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First Urban Health Workshop attracts more than 100 Date: 10/23/07
New York City Deputy Health Commissioner Mary T. Bassett raved about the quality of water in New York and lamented the huge disparities in health in her city.
New York Times reporter Richard Perez-Pena criticized the media's coverage of diabetes and lack of proper surveillance by the nation's public health system.
Dr. Georges Benjamin, executive director of the American Public Health Association, spoke about the battle over the State Children's Health Insurance Program and the problems with abstinence-only funded sexual education programs.
Frank Bass, director of computer investigations for The Associated Press, discusses how he mapped health data for a recent project.
These were some of the highlights of the first Urban Health Journalism Workshop presented by the Association of Health Care Journalists and its Center for Excellence in Health Care Journalism. More than 100 working journalists and journalism students attended the event hosted at the Graduate School of Journalism at the City University of New York. Montefiore Medical Center was the lead sponsor for the conference.
Sessions explored the health issues of children, seniors and immigrants in urban settings, as well as obesity, mental health, disaster preparedness and the mapping of local health data.
The conference was kicked off at The New York Times' new 52-story building. After admiring the Times' wall of Pulitzer Prizes, journalists gathered to hear from Bassett, the deputy commissioner for the Division of Health Promotion and Disease Prevention at the New York City Department of Health and Mental Hygiene, who gave the meeting's keynote address.
"Public health is all around us - it's not a single story," Bassett said. She talked about the city's efforts to improve health such as banning trans fats in city restaurants and pushing higher taxes on tobacco.
Cities can be healthier places to live because they promote walking rather than driving, she said. But she noted the twin epidemics of diabetes and obesity threaten to reverse gains in average life expectancy.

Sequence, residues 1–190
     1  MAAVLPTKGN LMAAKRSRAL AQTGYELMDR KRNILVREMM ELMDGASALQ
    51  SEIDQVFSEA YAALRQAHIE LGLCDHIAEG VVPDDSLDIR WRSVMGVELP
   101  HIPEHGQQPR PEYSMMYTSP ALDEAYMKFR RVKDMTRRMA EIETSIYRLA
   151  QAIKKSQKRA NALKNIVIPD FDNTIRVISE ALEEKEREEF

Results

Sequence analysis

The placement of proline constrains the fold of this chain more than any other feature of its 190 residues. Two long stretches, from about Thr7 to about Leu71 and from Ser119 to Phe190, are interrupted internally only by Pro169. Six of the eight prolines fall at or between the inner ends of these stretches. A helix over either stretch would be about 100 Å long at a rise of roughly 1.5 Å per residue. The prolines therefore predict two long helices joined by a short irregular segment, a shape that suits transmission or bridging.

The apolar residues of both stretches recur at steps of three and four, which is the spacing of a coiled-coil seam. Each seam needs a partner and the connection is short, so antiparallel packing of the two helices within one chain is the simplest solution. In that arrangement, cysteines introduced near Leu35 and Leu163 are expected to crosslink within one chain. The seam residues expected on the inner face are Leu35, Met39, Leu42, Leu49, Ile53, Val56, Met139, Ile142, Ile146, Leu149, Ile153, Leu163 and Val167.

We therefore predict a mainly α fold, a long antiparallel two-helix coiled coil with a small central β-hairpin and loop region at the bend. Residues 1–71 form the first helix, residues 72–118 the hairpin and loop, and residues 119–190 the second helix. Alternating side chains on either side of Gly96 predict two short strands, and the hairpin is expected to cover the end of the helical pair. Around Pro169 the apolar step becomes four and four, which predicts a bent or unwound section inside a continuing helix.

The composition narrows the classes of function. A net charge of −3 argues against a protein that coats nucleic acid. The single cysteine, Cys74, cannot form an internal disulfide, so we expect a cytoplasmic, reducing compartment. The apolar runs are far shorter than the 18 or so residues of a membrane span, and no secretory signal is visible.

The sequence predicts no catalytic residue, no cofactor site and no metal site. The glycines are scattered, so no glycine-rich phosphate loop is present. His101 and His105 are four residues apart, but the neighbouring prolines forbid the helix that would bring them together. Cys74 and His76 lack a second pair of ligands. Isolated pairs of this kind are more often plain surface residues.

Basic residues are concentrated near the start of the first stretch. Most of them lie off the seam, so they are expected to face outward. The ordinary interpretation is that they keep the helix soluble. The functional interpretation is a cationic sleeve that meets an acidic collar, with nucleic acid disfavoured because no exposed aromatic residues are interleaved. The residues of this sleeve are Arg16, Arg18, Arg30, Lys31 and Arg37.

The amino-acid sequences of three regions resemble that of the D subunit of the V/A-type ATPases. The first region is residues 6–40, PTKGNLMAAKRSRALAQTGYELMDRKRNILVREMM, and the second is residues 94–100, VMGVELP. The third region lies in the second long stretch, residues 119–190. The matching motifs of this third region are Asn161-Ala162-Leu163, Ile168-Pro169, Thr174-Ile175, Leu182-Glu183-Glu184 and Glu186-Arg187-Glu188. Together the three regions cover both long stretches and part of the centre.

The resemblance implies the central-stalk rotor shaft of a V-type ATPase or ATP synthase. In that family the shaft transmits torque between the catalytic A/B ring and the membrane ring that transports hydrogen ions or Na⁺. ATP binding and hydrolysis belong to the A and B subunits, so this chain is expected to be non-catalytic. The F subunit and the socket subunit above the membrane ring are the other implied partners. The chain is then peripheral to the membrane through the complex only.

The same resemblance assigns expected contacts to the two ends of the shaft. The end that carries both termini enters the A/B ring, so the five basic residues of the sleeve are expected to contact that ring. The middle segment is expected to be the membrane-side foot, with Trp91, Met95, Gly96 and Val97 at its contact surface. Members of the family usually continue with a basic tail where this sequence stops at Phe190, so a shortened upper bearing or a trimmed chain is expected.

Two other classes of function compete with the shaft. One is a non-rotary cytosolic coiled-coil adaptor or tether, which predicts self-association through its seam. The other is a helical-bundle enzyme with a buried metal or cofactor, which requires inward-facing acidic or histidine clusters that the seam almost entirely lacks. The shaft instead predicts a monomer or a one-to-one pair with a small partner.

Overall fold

After her talk, journalists gathered for cocktails and admired the Times' terrific views of the city.
Attendees of the Urban Health Journalism Workshop listen to speakers talk about mental health issues.
Greg Burke, Montefiore's vice president of planning; Jo Ivey Boufford, president of The New York Academy of Medicine; and Peggy Shepard, cofounder of We Act for Environmental Justice of West Harlem, led off the next day's first session by explaining what makes urban health different.
To illustrate, Burke compared the health status of people living in the Bronx to those living in suburban Nassau County, N.Y.. The uninsured rate is 25 percent in the Bronx versus 10 percent in Nassau County. Not only is the population different, but the health system is vastly different as well in cities versus suburbia, he said.
"U.S. health policy is built on a suburban model, and it doesn't take into account the fundamental differences in urban areas," he said.
In addition to the eight panel discussions, participants explored the new facilities of the Graduate School of Journalism at CUNY.
Workshop attendees enjoyed socializing at a reception at the new Graduate School of Journalism at CUNY.
Five journalists attended the workshop on fellowships supported by the Community Health Foundation of Western & Central New York. Two journalists attended the workshop on ethnic media fellowships supported by The Robert Wood Johnson Foundation.
Other funders of the conference included The Commonwealth Fund, Consumer Reports/Consumers Union and The New York Academy of Medicine.
Audio recordings and multimedia presentations from nearly all of the sessions are available to AHCJ members online.